Incremental Cash Flow

AAA

DEFINITION of 'Incremental Cash Flow'

The additional operating cash flow that an organization receives from taking on a new project. A positive incremental cash flow means that the company's cash flow will increase with the acceptance of the project.

INVESTOPEDIA EXPLAINS 'Incremental Cash Flow'

There are several components that must be identified when looking at incremental cash flows: the initial outlay, cash flows from taking on the project, terminal cost or value and the scale and timing of the project. A positive incremental cash flow is a good indication that an organization should spend some time and money investing in the project.

RELATED TERMS
  1. Capital Budgeting

    The process in which a business determines whether projects such ...
  2. Cash Flow

    1. A revenue or expense stream that changes a cash account over ...
  3. Operating Cash Flow - OCF

    In accounting, a measure of the amount of cash generated by a ...
  4. Terminal Value - TV

    The value of a bond at maturity, or of an asset at a specified, ...
  5. Insurance Regulatory Information ...

    A collection of databases and tools used to analyze the financial ...
  6. Book Value Reduction

    Reducing the value at which an asset is carried on the books ...
Related Articles
  1. Operating Cash Flow: Better Than Net ...
    Markets

    Operating Cash Flow: Better Than Net ...

  2. What Is A Cash Flow Statement?
    Markets

    What Is A Cash Flow Statement?

  3. Which is a better measure for capital ...
    Budgeting

    Which is a better measure for capital ...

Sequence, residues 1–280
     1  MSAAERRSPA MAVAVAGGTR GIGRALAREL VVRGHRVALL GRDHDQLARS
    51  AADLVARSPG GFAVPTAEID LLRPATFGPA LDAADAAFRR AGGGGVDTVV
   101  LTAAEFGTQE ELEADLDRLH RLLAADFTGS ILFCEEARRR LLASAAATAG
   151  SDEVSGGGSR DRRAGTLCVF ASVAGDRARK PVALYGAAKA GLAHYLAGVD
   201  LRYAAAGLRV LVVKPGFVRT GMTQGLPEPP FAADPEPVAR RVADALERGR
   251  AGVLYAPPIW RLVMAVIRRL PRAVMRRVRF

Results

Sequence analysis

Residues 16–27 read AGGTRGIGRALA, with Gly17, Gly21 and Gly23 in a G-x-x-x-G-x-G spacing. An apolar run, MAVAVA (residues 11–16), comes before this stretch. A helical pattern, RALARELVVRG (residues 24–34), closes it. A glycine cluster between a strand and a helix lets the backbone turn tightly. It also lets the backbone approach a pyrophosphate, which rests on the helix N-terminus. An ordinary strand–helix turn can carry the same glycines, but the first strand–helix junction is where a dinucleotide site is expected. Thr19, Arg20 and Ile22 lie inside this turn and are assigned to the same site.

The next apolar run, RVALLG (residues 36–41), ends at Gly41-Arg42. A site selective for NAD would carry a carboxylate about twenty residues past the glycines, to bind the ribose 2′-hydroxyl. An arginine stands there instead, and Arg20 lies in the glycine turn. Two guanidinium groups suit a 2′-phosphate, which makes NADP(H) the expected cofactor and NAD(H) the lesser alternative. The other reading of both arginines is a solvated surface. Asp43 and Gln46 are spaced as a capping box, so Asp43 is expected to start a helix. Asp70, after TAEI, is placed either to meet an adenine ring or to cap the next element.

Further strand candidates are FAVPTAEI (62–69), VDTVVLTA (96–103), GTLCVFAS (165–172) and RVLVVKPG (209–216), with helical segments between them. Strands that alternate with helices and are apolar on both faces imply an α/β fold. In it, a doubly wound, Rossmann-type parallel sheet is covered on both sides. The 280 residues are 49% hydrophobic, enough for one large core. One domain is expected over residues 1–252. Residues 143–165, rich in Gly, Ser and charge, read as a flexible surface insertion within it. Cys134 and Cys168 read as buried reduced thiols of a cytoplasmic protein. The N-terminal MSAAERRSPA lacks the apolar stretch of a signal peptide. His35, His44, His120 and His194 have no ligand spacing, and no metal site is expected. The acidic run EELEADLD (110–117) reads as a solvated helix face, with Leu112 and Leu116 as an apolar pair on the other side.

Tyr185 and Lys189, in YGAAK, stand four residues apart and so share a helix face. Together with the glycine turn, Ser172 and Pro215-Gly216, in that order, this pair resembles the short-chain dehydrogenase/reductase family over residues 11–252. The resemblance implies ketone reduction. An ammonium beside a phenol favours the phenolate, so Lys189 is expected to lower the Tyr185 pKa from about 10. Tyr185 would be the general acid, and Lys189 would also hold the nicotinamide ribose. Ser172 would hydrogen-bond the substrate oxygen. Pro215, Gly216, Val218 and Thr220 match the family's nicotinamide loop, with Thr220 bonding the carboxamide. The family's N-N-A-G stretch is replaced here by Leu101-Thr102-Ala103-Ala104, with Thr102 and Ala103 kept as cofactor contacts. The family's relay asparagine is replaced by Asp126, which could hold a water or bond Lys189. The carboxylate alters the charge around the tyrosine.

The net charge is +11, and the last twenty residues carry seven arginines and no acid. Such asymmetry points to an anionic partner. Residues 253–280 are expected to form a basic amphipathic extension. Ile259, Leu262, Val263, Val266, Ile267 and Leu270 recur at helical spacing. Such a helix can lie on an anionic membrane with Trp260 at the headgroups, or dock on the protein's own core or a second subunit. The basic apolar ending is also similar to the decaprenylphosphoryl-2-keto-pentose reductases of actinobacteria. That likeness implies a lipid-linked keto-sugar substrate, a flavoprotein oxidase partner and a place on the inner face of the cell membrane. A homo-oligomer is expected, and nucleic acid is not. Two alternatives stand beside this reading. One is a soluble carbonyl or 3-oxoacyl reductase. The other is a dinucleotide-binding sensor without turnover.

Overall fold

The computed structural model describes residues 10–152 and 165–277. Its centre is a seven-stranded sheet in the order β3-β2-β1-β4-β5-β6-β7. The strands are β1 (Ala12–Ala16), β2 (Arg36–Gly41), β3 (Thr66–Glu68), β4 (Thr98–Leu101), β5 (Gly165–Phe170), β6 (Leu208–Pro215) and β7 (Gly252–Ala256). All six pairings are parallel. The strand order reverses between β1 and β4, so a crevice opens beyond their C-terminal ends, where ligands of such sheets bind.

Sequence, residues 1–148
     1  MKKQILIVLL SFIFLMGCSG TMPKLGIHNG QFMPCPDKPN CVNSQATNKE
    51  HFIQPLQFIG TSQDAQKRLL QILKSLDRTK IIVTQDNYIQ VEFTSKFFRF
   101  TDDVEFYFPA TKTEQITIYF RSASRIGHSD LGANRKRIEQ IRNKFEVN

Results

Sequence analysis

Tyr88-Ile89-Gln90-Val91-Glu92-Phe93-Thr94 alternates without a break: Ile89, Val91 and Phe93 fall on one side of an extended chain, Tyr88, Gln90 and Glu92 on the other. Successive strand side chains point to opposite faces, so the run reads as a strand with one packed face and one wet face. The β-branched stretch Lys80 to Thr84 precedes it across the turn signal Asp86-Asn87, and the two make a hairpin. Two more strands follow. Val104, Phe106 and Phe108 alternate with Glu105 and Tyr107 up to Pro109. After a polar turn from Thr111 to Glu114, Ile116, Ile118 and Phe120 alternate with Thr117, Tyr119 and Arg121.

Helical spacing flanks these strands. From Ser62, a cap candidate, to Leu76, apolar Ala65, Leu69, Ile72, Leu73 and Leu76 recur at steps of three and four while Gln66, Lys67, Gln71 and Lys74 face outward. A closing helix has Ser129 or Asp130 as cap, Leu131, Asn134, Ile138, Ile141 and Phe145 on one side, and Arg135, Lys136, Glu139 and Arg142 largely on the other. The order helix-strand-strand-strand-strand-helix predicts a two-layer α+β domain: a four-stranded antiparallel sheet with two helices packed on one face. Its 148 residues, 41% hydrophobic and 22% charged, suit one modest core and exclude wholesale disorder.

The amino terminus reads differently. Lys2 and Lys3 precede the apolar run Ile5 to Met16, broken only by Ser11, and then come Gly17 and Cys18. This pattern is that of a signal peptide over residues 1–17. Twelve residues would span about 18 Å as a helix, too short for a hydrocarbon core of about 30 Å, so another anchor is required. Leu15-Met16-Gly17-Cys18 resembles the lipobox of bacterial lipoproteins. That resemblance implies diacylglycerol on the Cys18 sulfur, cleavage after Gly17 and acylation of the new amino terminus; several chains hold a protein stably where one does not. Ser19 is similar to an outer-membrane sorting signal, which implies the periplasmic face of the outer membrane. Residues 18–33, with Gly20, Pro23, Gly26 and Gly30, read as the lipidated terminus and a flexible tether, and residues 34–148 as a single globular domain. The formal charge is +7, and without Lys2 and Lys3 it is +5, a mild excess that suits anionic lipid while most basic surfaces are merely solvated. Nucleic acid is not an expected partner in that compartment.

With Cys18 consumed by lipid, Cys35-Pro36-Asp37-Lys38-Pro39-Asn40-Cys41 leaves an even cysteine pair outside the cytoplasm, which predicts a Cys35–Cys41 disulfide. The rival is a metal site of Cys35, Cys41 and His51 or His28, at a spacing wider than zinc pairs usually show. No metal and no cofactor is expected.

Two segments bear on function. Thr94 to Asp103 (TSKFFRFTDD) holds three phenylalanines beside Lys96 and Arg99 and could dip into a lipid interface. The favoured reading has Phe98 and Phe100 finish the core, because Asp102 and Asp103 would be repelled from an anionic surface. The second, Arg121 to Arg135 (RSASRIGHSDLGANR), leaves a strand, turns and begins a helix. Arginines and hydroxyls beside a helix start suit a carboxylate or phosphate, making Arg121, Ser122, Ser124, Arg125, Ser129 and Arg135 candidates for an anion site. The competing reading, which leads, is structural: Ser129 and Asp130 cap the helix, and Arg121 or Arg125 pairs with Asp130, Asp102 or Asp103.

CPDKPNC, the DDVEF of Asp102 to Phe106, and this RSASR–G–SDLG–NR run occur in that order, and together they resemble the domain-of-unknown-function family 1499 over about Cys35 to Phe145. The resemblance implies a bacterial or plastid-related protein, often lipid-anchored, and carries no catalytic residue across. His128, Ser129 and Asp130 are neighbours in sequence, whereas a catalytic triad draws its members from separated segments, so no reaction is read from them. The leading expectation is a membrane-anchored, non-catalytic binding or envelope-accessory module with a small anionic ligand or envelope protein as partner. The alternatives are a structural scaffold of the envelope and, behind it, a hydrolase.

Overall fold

4. What are some examples of how cash flows ...
    Personal Finance

    What are some examples of how cash flows ...

Hot Definitions
  1. Debit Spread

    Two options with different market prices that an investor trades on the same underlying security. The higher priced option ...
  2. Leading Indicator

    A measurable economic factor that changes before the economy starts to follow a particular pattern or trend. Leading indicators ...
  3. Wage-Price Spiral

    A macroeconomic theory to explain the cause-and-effect relationship between rising wages and rising prices, or inflation. ...
  4. Accelerated Depreciation

    Any method of depreciation used for accounting or income tax purposes that allows greater deductions in the earlier years ...
  5. Call Risk

    The risk, faced by a holder of a callable bond, that a bond issuer will take advantage of the callable bond feature and redeem ...
  6. Parity Price

    When the price of an asset is directly linked to another price. Examples of parity price are: 1. Convertibles - the price ...
Trading Center